Class: The Art of Glass (Hexactinellida)

Published on: 7th July, 2022

In October 2020, Ocean Exploration Trust’s E/V Nautilus crew discovered something extraordinary—vast clusters of glass sponges

Glass sponges in general are a rare sight, but what made this discovery even more surprising is where they were found.

Beginning just 25 miles off the coast of California, The Channel Islands National Marine Sanctuary is a 1,470 square mile refuge for wildlife as well as a human heritage site. 

Regions where the ocean floor can be found just 1,000 feet or so below, like Footprint Ridge and the Piggy Bank, have been pretty thoroughly explored.

But between those two sites lies a valley, plunging another thousand feet below. This time, in late 2020, the scientific team famous for their live-streaming of footage captured by ROV’s, decided to give that valley a closer look.

That’s when the NOAA experts, on Nautilus Live, stumbled upon a vast underwater field of glass.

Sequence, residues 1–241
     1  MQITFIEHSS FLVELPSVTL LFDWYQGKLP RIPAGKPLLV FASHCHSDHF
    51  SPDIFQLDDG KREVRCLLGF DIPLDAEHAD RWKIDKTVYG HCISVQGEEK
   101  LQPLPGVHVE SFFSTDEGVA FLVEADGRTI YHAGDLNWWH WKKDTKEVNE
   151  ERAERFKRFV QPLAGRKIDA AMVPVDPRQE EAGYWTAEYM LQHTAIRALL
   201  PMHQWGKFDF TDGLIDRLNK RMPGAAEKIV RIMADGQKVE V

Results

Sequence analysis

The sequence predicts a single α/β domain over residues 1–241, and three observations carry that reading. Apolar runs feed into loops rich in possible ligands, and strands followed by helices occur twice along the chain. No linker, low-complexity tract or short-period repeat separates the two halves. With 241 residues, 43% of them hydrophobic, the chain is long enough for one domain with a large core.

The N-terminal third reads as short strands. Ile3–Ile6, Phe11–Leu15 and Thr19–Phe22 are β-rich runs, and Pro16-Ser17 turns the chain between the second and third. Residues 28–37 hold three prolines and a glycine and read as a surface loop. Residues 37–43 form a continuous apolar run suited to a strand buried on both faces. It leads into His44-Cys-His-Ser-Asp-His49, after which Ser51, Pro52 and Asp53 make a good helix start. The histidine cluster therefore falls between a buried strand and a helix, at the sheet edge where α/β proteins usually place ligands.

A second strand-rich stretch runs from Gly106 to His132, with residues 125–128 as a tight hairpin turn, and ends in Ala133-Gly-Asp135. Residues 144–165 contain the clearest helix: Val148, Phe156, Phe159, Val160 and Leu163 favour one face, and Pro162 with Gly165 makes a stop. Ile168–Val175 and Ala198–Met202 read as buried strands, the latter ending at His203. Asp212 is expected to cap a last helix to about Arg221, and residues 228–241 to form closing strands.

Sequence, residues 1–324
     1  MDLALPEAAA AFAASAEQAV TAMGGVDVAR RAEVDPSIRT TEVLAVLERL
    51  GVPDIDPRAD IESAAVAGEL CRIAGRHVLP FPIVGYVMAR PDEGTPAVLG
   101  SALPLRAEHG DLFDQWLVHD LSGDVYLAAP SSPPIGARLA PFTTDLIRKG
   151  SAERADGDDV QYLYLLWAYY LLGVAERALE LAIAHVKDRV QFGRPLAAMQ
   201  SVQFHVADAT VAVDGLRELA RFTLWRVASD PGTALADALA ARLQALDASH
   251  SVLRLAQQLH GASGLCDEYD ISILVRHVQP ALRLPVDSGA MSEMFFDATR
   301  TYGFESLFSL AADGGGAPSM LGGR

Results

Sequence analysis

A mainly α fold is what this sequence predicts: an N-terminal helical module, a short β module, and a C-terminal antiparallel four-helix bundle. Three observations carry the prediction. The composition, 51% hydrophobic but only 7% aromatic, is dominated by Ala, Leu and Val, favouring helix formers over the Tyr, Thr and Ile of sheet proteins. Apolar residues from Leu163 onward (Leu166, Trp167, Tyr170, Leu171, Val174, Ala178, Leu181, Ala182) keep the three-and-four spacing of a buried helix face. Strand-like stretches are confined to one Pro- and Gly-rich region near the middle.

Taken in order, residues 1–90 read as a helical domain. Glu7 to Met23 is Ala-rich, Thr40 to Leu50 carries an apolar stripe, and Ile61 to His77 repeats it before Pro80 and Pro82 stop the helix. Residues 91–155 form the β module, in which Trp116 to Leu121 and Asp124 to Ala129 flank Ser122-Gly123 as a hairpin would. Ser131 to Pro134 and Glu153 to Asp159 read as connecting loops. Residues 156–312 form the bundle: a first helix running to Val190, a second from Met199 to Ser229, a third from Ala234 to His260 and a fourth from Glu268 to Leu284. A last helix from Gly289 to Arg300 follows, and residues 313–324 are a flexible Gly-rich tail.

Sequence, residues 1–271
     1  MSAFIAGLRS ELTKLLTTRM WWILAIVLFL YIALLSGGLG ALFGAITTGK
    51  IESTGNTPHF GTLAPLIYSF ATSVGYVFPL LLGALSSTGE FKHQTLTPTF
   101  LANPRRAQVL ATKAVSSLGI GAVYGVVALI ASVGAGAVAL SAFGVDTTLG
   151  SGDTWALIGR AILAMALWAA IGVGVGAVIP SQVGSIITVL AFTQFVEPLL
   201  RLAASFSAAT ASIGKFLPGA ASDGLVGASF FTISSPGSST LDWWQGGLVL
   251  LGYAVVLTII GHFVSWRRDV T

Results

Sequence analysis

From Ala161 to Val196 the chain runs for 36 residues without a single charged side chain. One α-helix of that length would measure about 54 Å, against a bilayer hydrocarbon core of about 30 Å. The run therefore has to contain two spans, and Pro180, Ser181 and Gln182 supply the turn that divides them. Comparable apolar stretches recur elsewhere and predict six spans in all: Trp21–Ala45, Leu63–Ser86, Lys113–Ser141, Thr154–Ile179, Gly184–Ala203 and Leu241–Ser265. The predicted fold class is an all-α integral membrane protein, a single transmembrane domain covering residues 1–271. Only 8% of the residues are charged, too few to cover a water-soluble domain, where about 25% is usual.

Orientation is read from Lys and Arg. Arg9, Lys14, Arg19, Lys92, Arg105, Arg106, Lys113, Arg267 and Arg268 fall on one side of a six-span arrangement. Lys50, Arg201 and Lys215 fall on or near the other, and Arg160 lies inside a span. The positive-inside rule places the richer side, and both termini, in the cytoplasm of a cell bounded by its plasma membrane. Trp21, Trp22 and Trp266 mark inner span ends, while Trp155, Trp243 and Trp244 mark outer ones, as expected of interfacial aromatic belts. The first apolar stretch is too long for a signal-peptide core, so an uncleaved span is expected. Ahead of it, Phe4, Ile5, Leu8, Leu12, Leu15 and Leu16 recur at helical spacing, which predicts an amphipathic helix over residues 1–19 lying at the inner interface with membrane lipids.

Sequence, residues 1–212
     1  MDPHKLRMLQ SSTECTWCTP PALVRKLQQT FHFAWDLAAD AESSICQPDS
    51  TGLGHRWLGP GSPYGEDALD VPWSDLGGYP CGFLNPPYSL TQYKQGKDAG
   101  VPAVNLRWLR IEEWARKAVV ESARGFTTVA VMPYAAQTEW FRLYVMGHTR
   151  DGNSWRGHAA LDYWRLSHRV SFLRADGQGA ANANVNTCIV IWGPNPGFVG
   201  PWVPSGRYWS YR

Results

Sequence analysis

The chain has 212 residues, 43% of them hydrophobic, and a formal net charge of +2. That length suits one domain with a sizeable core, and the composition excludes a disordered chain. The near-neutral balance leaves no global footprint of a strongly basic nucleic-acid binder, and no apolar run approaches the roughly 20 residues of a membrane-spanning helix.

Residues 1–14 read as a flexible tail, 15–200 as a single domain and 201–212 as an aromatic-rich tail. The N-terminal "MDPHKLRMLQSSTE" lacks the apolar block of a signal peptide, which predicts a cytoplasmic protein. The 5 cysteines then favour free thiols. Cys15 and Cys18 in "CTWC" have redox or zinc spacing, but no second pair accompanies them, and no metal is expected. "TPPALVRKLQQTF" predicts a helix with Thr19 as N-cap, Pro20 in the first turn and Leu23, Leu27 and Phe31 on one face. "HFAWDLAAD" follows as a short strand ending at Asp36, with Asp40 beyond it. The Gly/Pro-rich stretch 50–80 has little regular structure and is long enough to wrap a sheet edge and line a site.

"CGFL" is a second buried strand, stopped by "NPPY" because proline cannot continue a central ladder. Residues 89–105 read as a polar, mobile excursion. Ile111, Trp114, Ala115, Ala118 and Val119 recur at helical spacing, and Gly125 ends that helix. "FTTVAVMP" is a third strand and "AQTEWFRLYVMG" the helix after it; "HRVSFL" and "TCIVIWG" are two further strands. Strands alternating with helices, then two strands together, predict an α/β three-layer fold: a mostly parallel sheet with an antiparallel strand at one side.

Finds like these are becoming increasingly important as potential habitats for diverse life and as indicators of ocean health in a changing world.

But, aside from the obviously fascinating fact that these creatures have skeletons made of glass, what exactly are these so-called glass sponges?

That’s what this episode of Class is all about, the art of glass.

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The Wild Life is a place for the curious, the adventurous, the hopeful, and the hopeless to discover new knows and unknowns about the natural world and its inhabitants. Between the blog and the growing plethora of podcasts, The Wild Life seeks to bring the traditional naturalist experience into the 21st century by merging immersive storytelling and foley art with technology and creative experiences. It’s an exploration of truth, common ground, and shared places as we attempt to fill each episode with wonder, connectedness, intrigue, and humor.

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